1. Ramsay

      Thank you! Appreciate that.


  • bill master

    I think you’re absolutely right. People need to unplug. It’s a great way to maintain inspiration and creativity, and a good reminder that you’re working to live — not living to work! when you work from home, it’s really easy to forget.


    1. Ramsay

      Yep, it’s easy to forget what work really means.


  • Joy Borum

    Could not agree more. For me, finding special places in nature where I feel connected to and supported by Nature and the Universe, places where I can take pictures or not, journal or not, “just” gaze or not, hear Nature’s sounds and soak in the experiences, are key to my wellness and creativity. Thank you for this piece and all your posts.


    1. Ramsay

      Thank YOU, Joy. Really appreciate the comment.


  • Lily | Fit to Nurture

    The last few weeks has been really stressful so I’m thinking of waking early every morning -against the urge to sleep in- and walking round the block to my ‘office’!

    I’ll ‘go home’ following the same route in the evening. πŸ˜€


    1. Ramsay

      I like it!


  • Stephanie

    Brilliant post and reminder, Ramsay!
    This topic is near and dear to my heart…as I have experienced first- hand how detrimental working from home can be if we aren’t careful.
    With weight gain, anti-social tendencies creeping in, and ignoring my love of hiking, it’s been a challenge for sure.
    I actually do have a post that I just updated about the importance of freelancer self-care.
    I’d love to share it with you. Not sure if you wanted us to share here in the comments or email you our stories.
    I’ll try both and you can decide what works best.
    Thanks again for this hugely important reminder to take care of ourselves as freelancers!!
    Here’s my personal take:
    https://healthysavvyandwise.com/take-time-off-as-a-freelancer/

    Stephanie
    Healthy, Savvy & Wise


    1. Ramsay

      Thanks so much! I left a comment and tweeted it.


  • Zenaida

    Indeed, very good advice. have been working from home for about 8 years now and definitely know about needing to get away in order to get perspective. Living in the middle of Berlin there are not many choices of green spaces, but even if I can leave the bicycle home and just walk to do errands – helps. Love the photo of your cat! Mine (also a Birman with lovely blue eyes) also has her place next to my computer. Makes it easy to pet her when she asks for attention.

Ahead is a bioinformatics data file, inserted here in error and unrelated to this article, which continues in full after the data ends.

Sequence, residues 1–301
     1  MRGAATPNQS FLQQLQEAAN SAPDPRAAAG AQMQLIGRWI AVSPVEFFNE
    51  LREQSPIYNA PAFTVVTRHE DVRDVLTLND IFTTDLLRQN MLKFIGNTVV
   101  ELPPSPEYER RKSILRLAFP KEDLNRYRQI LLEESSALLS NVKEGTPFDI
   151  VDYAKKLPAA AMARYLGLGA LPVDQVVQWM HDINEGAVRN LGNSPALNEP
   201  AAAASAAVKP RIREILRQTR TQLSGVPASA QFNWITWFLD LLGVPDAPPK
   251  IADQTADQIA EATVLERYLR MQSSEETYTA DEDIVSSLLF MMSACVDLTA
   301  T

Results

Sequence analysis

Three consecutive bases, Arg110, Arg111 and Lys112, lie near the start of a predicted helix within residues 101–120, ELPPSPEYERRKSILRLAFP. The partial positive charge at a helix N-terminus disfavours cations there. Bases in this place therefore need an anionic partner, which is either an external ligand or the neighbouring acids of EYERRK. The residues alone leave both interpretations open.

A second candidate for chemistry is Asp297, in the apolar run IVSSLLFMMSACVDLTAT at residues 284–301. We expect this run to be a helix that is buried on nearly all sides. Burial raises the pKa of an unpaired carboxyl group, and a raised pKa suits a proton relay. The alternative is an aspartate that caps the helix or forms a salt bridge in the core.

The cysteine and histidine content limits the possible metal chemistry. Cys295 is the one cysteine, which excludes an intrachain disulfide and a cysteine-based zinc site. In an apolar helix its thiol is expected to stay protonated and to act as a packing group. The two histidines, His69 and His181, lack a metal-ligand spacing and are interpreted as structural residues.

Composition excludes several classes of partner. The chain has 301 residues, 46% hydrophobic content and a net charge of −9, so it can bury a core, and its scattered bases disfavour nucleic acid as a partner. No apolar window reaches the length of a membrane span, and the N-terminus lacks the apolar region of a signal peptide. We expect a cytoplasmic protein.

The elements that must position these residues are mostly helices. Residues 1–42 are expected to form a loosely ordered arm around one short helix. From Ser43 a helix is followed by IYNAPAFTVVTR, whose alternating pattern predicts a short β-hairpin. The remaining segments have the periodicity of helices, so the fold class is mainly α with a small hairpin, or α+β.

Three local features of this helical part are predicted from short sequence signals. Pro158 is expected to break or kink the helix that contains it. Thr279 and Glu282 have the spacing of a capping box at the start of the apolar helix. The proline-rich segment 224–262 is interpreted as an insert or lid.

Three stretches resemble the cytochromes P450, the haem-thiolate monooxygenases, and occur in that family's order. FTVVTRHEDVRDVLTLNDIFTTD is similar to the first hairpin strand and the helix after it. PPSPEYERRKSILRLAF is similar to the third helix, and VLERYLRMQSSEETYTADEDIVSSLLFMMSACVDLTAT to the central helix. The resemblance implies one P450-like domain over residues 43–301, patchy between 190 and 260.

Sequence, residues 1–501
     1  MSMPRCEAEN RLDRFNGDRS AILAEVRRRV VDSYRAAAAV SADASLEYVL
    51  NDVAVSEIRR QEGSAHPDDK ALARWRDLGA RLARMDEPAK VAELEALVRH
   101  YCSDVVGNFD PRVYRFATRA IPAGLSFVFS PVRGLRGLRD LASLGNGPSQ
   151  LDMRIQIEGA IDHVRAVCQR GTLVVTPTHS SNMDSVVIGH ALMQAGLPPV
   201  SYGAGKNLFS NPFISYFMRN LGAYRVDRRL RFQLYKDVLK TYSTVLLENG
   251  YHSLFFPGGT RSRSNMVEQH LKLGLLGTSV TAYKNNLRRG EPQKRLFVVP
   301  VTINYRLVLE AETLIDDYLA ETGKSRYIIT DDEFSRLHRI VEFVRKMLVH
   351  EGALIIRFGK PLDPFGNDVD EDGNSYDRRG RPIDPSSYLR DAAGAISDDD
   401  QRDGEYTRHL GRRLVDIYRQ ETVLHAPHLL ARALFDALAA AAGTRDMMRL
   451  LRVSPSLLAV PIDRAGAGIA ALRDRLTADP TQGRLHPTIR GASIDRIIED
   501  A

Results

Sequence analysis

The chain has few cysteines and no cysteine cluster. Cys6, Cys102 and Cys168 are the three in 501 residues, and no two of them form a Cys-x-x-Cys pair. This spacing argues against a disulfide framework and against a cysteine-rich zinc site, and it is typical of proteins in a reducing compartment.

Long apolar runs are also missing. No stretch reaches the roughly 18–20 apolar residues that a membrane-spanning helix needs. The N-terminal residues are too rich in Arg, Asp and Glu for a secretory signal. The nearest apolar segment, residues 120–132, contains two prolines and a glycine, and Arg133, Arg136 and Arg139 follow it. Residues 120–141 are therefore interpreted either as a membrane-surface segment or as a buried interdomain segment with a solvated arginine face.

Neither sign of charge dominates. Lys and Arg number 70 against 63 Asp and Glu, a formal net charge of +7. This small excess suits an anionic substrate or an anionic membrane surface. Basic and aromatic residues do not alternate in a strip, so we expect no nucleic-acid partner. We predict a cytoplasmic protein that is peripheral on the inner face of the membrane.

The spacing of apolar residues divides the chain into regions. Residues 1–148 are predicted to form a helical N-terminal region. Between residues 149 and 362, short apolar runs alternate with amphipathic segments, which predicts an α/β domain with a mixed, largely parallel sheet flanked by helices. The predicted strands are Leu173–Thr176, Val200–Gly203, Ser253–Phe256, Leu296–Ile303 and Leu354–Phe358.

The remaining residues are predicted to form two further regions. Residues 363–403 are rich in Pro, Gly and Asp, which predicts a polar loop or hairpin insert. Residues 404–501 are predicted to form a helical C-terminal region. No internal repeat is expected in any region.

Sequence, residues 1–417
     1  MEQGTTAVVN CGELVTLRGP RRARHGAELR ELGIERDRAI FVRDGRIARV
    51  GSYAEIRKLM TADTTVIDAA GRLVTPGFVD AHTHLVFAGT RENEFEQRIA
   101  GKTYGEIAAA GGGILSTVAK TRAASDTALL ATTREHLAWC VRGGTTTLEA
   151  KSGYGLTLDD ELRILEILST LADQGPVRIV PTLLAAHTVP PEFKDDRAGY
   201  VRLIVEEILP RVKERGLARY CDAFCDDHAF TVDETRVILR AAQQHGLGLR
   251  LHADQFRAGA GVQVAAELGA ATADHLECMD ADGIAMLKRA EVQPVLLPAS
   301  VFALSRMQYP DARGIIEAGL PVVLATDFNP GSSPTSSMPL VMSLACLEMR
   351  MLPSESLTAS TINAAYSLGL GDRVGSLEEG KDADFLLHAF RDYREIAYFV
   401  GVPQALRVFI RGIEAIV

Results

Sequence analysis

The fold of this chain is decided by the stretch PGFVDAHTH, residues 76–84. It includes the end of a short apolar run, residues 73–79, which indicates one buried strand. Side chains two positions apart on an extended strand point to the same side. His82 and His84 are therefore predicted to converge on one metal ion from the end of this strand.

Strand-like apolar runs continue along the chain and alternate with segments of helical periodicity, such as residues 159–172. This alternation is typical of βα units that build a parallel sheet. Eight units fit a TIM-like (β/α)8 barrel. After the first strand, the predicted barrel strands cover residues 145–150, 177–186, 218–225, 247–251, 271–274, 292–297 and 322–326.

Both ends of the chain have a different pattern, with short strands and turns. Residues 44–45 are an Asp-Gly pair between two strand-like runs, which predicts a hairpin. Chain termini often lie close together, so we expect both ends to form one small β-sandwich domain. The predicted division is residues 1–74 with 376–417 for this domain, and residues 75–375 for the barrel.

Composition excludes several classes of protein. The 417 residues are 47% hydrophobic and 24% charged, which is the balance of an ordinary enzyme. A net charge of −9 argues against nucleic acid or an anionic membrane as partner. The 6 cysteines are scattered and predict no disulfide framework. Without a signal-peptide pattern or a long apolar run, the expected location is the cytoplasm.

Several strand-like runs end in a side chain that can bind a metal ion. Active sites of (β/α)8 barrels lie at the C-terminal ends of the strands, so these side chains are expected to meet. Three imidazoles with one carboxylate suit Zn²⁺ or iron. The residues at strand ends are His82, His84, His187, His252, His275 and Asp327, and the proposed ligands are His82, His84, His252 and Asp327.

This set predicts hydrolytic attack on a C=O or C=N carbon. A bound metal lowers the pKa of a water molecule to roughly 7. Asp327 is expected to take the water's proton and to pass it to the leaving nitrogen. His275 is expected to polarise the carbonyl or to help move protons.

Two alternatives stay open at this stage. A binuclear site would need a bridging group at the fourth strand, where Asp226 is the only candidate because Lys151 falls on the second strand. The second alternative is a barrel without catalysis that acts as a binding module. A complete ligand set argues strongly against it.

1. Ramsay

      Hi Zenaida.

      That naughty cat in the photo is a Ragdoll. πŸ™‚

      Is it hard to find sunshine in Berlin?


  • Alaric

    Great article, this is so true and I need to take more time to go outside. I often work all day long and sometimes don’t leave my computer for days besides meals and sleep. I am trying to take a more active role in going outside and taking more breaks.


    1. Alaric

      How do I change my user picture on here?


      1. Ramsay

        Hey man. Head over to Gravatar.com and get yourself one. πŸ™‚


        1. Alaric

          That only works if I use a WordPress account to comment. I only used name and email. I don’t see any other way to comment on your blog.


          1. Ramsay

            Nope, you use Gravatar and then that email that you use at Gravatar works everywhere on the web that supports it.


          2. Alaric

            I see, I have added a gravatar, will it show up soon or how does that work?


          3. Alaric

            May I suggest to add a multi-login one-click buttons like twitter, fb, wp etc that can be used for commenting? For example, below the comment section it might have “sign in with twitter”, etc. And in that case, it will auto-pull your profile photo and also create a profile on your site which can also be updated easily, so users also don’t have to type their name and email every time they comment.

            Just some suggestions.


  • Jane Buttery

    I enjoyed reading this article and many other blogs where you give advice. I am 81 and have written 15 books for children now. My problem is finding the time to blog which I know is helpful in promoting other writing.
    I also get tired then find ideas come late in the evening!!


    1. Ramsay

      I feel the same way Jane!


  • Vishal Ostwal

    Ramsay,

    I think about this topic deeply and feel glad that you brought it up.